YANGON — After the sudden resignation of President U Htin Kyaw last week, Myanmar will elect a new head of state on Wednesday, the country’s Union Parliament announced on Monday.
Constitutionally, Myanmar needs to have three vice presidents elected by the Lower House, the Upper House, and appointed military lawmakers from both chambers.
On Friday, Myanmar’s Lower House elected its former speaker, U Win Myint of the ruling National League for Democracy (NLD), as vice president. The other two vice presidents are U Myint Swe, who is now the acting president of the country, and U Henry Van Thio.
Parliament will vote for a new president on Wednesday morning from among the three vice presidents.
U Win Myint submitted his resignation as speaker of the Lower House soon after U Htin Kyaw’s resignation was announced on Wednesday, prompting speculation that he would become Myanmar’s next president.
If the speculation proves true, U Win Myint, a senior NLD member, will be Myanmar’s 10th president since the country’s independence in 1948.
The 67-year-old is believed to be one of State Counselor Daw Aung San Suu Kyi’s favorites among fellow senior NLD members. He became the Lower House speaker in February 2016, after the NLD won the 2015 general election.
During his time in the Lower House, the former lawyer was known for his strict discipline. He did not tolerate discussions that were off topic during parliamentary meetings. Even union ministers were not free from his stern warnings, not to mention lawmakers, including those from the military.
A Planned Presidential Reshuffle
Despite U Htin Kyaw’s resignation coming as a surprise to outsiders, Myanmar’s ruling NLD party said the change had already been discussed among senior level officials of the party and the government.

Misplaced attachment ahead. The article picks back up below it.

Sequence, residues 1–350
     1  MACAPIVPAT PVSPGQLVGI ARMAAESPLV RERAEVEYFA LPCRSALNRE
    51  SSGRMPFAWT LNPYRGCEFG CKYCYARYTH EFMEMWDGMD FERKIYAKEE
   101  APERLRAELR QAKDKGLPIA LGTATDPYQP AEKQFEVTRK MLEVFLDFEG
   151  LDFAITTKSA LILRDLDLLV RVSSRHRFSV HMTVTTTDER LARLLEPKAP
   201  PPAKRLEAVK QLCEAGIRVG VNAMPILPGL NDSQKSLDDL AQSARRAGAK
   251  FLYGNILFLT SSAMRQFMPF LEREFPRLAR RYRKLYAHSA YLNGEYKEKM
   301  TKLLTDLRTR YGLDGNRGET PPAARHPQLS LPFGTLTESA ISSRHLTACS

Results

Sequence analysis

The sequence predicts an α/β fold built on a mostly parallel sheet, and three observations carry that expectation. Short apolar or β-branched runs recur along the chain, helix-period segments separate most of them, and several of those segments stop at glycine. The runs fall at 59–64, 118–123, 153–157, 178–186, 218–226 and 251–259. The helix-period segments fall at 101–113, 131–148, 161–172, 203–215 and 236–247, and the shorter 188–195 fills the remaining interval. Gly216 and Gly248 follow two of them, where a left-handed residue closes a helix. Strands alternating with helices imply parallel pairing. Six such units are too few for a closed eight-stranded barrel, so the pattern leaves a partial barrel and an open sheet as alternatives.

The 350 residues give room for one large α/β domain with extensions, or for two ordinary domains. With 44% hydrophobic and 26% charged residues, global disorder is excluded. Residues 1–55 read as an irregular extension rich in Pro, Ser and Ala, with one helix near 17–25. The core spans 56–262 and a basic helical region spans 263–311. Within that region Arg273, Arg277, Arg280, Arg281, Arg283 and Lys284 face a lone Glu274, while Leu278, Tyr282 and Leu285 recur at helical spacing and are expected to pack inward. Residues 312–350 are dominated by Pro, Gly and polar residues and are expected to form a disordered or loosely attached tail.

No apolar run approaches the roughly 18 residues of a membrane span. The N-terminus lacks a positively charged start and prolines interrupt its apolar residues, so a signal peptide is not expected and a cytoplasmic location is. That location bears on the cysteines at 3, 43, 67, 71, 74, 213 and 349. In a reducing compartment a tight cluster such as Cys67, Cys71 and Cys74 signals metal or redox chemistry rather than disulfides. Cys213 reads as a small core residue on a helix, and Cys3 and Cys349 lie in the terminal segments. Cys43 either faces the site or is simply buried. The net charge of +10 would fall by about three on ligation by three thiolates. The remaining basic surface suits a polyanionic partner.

U Win Htein, one of the party’s secretariat members and aide to Daw Aung San Suu Kyi, told the media on Saturday after the NLD CEC meeting that U Win Myint would be chosen as the president.
“U Htin Kyaw is not in good health. He wanted to leave for his health,” he said.
In his resignation announcement, U Htin Kyaw simply stated that he wanted to retire from his duties.
The former president was the first head of state elected by Parliament after the Daw Aung San Suu Kyi-led NLD government came to power in 2016 after a landslide victory in the previous year’s general election. He is a close confidant of de facto leader Daw Aung San Suu Kyi.
In his critics’ eyes, the soft-spoken elderly man was merely a “puppet president.” While he was formally the head of state and constitutionally the highest authority in the land, the amount of actual power he wielded was questionable. “The Lady,” as State Counselor Daw Aung San Suu Kyi is known, had already made it known during the election campaign that she would be “above the president,” as the Constitution bans her from holding the office.
Since last year, the public knew of the 71-year-old president’s ill health due to his frail appearance and absence from some state functions. He also received medical treatments overseas.
Never a Dream Job
Daw Su Su Lwin, the former first lady, told the media on Friday that her husband’s resignation was not solely for health reasons but that it had been planned in advance.
“He had never thought he would be the president,” she said.
“When he was assigned to the post, he expected to spend three to six months at most in the position for Daw Aung San Suu Kyi,” she added, meaning that he thought that the Constitution that barred the state counselor from the presidency could be fixed in that time.
Contrary to what he expected, the charter amendment—one of the NLD government priorities—has so far gotten nowhere in his two years in office.
Daw Su Su Lwin hopes the possible incoming president U Win Myint, who is four years younger than U Htin Kyaw, will be more successful given his younger age and experience.
“I urge all of you to welcome and delight for U Win Myint’s presidency as you did for U Htin Kyaw.”